Bitter Italian

January 31, 2012

Bitter Italian

January 31, 2012

If given a last meal request, most people would request steak, fried food and creamy desserts. But not this crazy Italian. She'd request Bitter Italian Vegetables sauté. It's a flavorful dish, easy to make and versatile. You can use it as a main meal adding sausage, as I did above, or toss it with penne pasta. It can also serve a side dish or appetizer. It's a family recipe that I've enjoyed years and it's been modified and improved with each family member. Starting simply with just escarole sautéed with garlic and olive oil, it blossomed into this colorful dish that's as beautiful as it is delicious.

  • 1 head Italian escarole
  • 1 head raddichio or red chicory
  • 1-2 heads endive
  • arugula (optional)
  • small jar of sun-dried tomatoes in olive oil, sliced in 1/4" slices
  • hand full of pitted kalamata olives, halved
  • handful of pine nuts
  • olive oil, a good amount, 2-4 tablespoons
  • 2 cloves garlic, chopped fine
  • hot pepper seed, 1-3 shakes for spice (optional)
  • 1/4 cup dry red or white wine (optional)
  • Sea salt to-taste

Wash all the vegetables and shred them into large leaf chunks. In a large pan, sauté garlic (and hot pepper seed if using it) in the olive oil until the garlic is golden but not brown. Don't burn the garlic. Use a medium to low heat setting. Start adding the escarole* in batches, and turn it over a little at a time, letting the olive oil coat the leafs as they cook. Keep adding the escarole until it's half-cooked and shrunk down some in size, then add the other leafs, the raddichio and endive, etc. Keep turning the leafs over to coat them in oil and not let them over cook.  As the vegetables are cooking you prepare the sun-dried tomatoes and kalamata olives. At this time you can add your 1/4 cup of wine if using it. Cook until they've been covered in oil and heated, but are still firm and colorful. Add tomatoes, olives and pine nuts.  It should take about 20-30 minutes total cooking time on medium to low heat. Salt to preferred taste!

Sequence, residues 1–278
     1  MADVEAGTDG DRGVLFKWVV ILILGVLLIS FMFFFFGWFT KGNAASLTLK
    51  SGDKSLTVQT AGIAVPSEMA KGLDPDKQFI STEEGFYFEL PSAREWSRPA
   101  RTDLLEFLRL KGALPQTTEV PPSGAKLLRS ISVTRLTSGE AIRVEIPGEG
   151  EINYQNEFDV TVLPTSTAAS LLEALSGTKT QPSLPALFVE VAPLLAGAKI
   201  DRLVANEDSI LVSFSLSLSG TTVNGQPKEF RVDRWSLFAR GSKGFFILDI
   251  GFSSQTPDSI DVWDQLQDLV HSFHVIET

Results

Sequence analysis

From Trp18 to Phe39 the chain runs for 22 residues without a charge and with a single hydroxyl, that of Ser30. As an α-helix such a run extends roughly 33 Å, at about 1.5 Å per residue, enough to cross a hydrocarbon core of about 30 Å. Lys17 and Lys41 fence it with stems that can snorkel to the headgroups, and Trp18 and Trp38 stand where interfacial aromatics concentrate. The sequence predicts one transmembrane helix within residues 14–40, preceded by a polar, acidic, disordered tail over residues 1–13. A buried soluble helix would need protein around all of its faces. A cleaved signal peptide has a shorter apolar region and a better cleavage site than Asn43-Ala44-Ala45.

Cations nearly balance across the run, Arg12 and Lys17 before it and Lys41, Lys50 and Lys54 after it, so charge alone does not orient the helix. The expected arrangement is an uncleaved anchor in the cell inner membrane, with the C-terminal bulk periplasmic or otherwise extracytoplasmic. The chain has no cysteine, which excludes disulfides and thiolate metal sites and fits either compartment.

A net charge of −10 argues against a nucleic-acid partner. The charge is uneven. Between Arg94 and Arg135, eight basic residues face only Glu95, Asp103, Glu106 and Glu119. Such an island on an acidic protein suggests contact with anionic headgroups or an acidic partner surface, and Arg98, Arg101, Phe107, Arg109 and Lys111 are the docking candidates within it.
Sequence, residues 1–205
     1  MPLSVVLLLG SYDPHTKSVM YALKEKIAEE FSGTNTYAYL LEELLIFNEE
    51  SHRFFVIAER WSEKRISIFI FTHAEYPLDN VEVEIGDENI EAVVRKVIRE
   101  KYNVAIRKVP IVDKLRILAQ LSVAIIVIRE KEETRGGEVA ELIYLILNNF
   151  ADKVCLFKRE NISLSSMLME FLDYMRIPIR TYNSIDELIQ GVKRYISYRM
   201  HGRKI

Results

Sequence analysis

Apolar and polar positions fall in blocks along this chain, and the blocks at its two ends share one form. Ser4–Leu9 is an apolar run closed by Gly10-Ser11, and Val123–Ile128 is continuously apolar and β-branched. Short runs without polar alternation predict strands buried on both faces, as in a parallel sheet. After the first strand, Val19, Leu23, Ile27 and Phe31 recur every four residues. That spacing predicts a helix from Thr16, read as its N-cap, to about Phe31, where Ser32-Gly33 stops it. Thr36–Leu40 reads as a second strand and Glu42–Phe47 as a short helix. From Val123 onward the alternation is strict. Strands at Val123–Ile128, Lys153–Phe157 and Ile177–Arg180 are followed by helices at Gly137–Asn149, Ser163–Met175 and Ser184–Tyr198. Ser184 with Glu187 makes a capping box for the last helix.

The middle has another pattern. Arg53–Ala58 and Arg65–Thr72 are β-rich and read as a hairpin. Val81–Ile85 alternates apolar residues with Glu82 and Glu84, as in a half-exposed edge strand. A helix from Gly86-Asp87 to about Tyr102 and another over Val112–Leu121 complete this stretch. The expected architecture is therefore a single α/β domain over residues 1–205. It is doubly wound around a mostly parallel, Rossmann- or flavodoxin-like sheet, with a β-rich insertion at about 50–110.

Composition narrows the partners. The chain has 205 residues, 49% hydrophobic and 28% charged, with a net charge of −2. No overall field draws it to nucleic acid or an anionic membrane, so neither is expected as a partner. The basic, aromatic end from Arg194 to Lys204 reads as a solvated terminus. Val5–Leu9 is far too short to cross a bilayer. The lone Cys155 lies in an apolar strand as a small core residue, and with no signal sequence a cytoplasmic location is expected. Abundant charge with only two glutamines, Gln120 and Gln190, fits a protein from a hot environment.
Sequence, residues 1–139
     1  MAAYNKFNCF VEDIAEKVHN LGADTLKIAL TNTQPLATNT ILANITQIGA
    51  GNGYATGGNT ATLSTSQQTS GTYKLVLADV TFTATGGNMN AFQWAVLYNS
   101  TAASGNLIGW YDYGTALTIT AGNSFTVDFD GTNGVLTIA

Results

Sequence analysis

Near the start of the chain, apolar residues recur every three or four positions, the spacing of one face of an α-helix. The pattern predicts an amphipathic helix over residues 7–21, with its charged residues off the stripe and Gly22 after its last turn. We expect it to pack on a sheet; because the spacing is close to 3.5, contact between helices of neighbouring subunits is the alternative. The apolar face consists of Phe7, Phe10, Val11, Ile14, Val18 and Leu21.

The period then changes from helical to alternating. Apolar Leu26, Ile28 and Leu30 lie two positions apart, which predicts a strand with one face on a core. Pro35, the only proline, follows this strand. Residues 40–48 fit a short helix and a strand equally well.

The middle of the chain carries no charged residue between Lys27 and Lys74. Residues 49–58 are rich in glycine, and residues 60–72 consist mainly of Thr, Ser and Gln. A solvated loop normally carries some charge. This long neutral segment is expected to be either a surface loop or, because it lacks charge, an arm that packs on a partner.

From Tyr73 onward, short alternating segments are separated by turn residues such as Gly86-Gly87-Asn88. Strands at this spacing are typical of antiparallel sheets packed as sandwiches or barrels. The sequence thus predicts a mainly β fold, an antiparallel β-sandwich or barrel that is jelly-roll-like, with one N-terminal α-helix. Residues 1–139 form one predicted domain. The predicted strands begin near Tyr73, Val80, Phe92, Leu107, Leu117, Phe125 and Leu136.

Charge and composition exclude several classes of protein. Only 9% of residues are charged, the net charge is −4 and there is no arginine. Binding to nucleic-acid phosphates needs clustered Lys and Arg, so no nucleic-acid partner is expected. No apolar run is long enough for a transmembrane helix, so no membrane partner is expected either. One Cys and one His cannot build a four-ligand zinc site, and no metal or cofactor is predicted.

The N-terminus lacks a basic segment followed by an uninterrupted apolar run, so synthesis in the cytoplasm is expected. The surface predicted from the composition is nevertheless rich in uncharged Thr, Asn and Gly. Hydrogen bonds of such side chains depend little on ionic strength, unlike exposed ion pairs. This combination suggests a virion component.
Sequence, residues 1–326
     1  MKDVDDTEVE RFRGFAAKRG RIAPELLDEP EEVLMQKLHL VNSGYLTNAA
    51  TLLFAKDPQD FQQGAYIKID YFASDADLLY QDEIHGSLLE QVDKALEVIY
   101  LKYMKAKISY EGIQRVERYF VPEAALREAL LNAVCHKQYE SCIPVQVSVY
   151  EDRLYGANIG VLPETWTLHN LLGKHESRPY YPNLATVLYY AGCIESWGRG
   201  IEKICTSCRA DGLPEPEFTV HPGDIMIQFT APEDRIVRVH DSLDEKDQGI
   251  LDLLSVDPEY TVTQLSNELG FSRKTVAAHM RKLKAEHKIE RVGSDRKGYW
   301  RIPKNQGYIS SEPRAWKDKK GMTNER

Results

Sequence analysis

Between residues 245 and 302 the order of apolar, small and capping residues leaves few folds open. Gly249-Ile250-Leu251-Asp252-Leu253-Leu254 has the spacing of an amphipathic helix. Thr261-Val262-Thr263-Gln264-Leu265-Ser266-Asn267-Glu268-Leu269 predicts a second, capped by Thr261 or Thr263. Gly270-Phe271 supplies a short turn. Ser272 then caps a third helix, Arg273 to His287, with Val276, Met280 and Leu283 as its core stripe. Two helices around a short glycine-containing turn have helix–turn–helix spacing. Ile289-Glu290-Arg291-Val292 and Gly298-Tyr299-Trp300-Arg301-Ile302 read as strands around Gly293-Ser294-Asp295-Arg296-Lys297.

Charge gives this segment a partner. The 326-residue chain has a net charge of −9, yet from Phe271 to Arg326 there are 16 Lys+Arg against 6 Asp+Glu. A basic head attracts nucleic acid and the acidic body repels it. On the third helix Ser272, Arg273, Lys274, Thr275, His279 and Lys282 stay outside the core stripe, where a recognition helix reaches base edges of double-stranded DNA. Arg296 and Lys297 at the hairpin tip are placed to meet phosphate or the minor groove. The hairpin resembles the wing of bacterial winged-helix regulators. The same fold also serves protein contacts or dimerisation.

*If the escarole is a really large head, it can be steamed down a bit ahead of time in another pot very quickly, and adding it to the pot with the olive oil and garlic with its water, but I find it loses too much color that way. Instead, I use a low heat setting on the sauté pan, and add it in batches, making sure to turn it often as it cooks and shrinks down in size. The color remains brilliant this way.

For tossing with sausage: use an non-spicey Italian sausage sliced in rounds. Brown the sausage in olive oil the same pan first, before you start your vegetables. Remove the sausage.  Rather than adding wine last as above, at this time I use the wine to deglaze the pan and scrape up the meat from the bottom of the pan. Then add more oil to the pan, the garlic and hot pepper seed and begin your vegetables.  When the vegetables are 3/4 of the way cooked to your liking, add the sausage back into the pot.

 Mangiare!

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